Products Liability Law and Idaho Falls
The manufacture, marketing, and sale of products is governed by various state and federal laws. There is also a Model Uniform Products Liability Act which was drafted by the United States Department of Commerce for use by the states on a voluntary basis. Products liability law deals with the legal responsibility of all parties involved with the manufacture, sale and use of a product that causes harm to a user. Product liability claims are generally based upon principals of negligence but can also be based on theories of strict liability or breach of warranty. Thomsen Holman Wheiler PLLC can assist to explain this liability.
Generally, claims based on strict liability assert that the product was abnormally dangerous when it was sold to the product user and that the injured person should only have to show that the product was defective and caused the complained of harm. There are, generally speaking, several types of product defects: (1) design defects; (2) manufacturing defects; and (3) marketing defects. Sometimes, all three defects are alleged to exist in a product.
Design defects are problems with the product that existed before it was manufactured. Manufacturing defects occur during the construction or production of the product and are generally a deviation from the planned design of the product. Defects in marketing include improper instructions and/or a failure to provide proper warnings. Product liability claims can be brought against both the manufacturer and seller of the product. Even products that are made entirely outside the United States can subject the foreign manufacturer to liability within the United States. Whether the seller is ultimately responsible for damages caused by a product will depend upon the seller’s knowledge of the product and its alleged defects.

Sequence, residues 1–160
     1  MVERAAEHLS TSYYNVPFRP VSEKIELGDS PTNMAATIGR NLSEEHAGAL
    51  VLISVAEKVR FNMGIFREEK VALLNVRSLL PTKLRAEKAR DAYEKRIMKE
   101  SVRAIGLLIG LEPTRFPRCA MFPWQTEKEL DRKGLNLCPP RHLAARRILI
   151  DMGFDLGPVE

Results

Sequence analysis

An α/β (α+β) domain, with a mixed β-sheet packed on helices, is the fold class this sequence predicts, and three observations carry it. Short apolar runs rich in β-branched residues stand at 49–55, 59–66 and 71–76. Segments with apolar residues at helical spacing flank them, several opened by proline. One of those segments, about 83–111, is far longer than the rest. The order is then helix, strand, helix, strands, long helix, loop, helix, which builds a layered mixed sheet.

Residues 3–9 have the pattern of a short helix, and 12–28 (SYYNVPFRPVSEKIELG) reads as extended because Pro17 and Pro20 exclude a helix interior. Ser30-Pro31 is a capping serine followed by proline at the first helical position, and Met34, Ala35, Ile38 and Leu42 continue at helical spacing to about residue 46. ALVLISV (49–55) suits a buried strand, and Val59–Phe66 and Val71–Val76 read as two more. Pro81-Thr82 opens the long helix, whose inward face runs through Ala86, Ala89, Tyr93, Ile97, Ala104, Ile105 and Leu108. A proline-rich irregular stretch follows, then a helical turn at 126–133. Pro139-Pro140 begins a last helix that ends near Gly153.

Each state has its own statute of limitations-the time by which a claim must be filed or it is lost. Occasionally, more than one statute may apply depending upon the type of claim being made. The time period generally starts to run from the date the injury or harm occurred. However, some states have a discovery rule that delays the starting of the statutory period until the harm or injury is discovered. The discovery rules generally have limitations as well. Buyers, users, and bystanders can potentially sue for damages or injuries suffered by a defective product. The attorneys at Thomsen Holman Wheiler PLLC have experience handling claims against manufacturers and sellers of products. We have defended and prosecuted product liability law claims. If you have been injured by a defective product or if you are facing a claim that your product injured someone, we would be happy to visit with you.
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